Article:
So far as science is concerned, sex is good for you. Hundreds of studies over the years have thoroughly documented the health benefits of regular sexual activity.
That said, some new and recently published research suggests that men of a certain age might want to cool it a little. Jackie Koppell has the details in today's Seeker Daily report.
The Journal of Health and Social Behavior recently published a study about the effects of sex on older people, specifically between the ages of 57 and 85. There's good news and bad news.
The bad news, alas, applies to men. The research showed that older men who had sex at least once per week were at a higher risk to experience untoward cardiovascular events -- think heart attack or stroke -- than men who were sexually inactive. Among the other risk factors researchers uncovered: hypertension, rapid heart beat, and elevated levels of certain proteins that suggest inflammation in the body.
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With the women, however, it's a different story. None of the risk factors that applied to the men in the study showed up for the women. In fact, women had demonstrably lower risk of hypertension -- or high blood pressure -- when they were sexually active in their golden years. As stand-up comics have been telling us for decades, it appears that men and women are different.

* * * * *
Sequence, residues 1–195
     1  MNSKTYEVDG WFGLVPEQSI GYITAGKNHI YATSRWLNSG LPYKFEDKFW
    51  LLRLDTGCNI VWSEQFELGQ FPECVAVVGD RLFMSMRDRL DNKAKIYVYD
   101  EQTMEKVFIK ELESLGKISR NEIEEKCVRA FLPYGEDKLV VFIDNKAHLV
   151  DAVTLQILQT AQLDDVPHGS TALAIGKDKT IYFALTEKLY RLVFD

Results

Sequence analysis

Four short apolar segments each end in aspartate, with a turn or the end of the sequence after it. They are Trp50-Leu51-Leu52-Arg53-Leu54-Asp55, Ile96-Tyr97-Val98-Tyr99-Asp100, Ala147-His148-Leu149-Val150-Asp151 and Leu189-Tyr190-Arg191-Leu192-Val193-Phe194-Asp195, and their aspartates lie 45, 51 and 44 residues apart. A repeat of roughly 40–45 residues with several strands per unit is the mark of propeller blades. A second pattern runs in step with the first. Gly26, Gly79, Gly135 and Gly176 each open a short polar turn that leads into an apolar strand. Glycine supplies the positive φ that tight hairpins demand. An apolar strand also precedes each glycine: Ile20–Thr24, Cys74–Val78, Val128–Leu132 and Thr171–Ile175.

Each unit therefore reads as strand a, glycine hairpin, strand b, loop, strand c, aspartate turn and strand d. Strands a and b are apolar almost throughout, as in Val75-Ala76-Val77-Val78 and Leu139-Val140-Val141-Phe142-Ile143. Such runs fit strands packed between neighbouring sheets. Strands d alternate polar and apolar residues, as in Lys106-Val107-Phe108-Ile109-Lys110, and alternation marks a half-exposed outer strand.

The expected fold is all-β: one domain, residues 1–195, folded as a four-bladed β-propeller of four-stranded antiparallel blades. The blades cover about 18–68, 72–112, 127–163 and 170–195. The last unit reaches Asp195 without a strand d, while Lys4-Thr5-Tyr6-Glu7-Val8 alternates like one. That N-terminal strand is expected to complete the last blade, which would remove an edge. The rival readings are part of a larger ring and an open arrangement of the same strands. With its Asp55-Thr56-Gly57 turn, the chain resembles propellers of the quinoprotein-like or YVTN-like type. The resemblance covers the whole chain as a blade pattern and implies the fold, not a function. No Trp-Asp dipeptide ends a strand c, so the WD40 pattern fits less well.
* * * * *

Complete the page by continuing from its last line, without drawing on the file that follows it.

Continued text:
Science has some theories on this. It's known that when men experience stressors -- and sex can be a stressor -- the body responds by increasing vascular resistance. That's the force that opposes increased blood flow, and it naturally leads to higher blood pressure.
However, the female body tends to respond to stressors with an increased heart rate, and therefore an higher amount of blood being pumped through the system. This may explain why some older women end up experiencing decreased hypertension if they remain sexually active.
It's important to keep in mind that this particular study focused on the cardiovascular system. That's just one of the body's many moving parts and systems, of course. Even if late-in-life sex produces risk factors in this specific area, there's plenty of evidence showing that sex can improve your mood, your quality of sleep, your stress levels, and lots of other things.
-- Glenn McDonald
American Physiology Society: Sex and the cardiovascular system: the intriguing tale of how women and men regulate cardiovascular function differently
Men's Health: 10 Ways More Sex Can Improve Your Health
Heart: Cardiac and vascular pathophysiology in hypertension